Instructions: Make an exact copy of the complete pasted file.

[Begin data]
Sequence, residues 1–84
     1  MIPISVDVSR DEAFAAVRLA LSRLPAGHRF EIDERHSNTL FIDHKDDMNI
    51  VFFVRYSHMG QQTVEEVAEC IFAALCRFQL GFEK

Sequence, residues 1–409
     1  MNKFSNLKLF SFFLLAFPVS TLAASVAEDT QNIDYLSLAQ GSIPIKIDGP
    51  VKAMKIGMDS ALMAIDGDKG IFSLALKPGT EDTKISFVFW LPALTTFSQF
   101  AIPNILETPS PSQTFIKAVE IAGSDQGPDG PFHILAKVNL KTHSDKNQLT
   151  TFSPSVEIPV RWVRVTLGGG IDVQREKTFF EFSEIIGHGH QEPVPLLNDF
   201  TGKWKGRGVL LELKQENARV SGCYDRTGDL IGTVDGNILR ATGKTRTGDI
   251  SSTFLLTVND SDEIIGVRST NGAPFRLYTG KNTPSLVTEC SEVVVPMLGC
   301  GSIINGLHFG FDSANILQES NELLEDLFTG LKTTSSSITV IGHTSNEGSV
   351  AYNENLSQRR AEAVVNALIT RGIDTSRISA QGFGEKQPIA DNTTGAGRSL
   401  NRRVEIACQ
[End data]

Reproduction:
Sequence, residues 1–84
     1  MIPISVDVSR DEAFAAVRLA LSRLPAGHRF EIDERHSNTL FIDHKDDMNI
    51  VFFVRYSHMG QQTVEEVAEC IFAALCRFQL GFEK

Sequence, residues 1–409
     1  MNKFSNLKLF SFFLLAFPVS TLAASVAEDT QNIDYLSLAQ GSIPIKIDGP
    51  VKAMKIGMDS ALMAIDGDKG IFSLALKPGT EDTKISFVFW LPALTTFSQF
   101  AIPNILETPS PSQTFIKAVE IAGSDQGPDG PFHILAKVNL KTHSDKNQLT
   151  TFSPSVEIPV RWVRVTLGGG IDVQREKTFF EFSEIIGHGH QEPVPLLNDF
   201  TGKWKGRGVL LELKQENARV SGCYDRTGDL IGTVDGNILR ATGKTRTGDI
   251  SSTFLLTVND SDEIIGVRST NGAPFRLYTG KNTPSLVTEC SEVVVPMLGC
   301  GSIINGLHFG FDSANILQES NELLEDLFTG LKTTSSSITV IGHTSNEGSV
   351  AYNENLSQRR AEAVVNALIT RGIDTSRISA QGFGEKQPIA DNTTGAGRSL
   401  NRRVEIACQ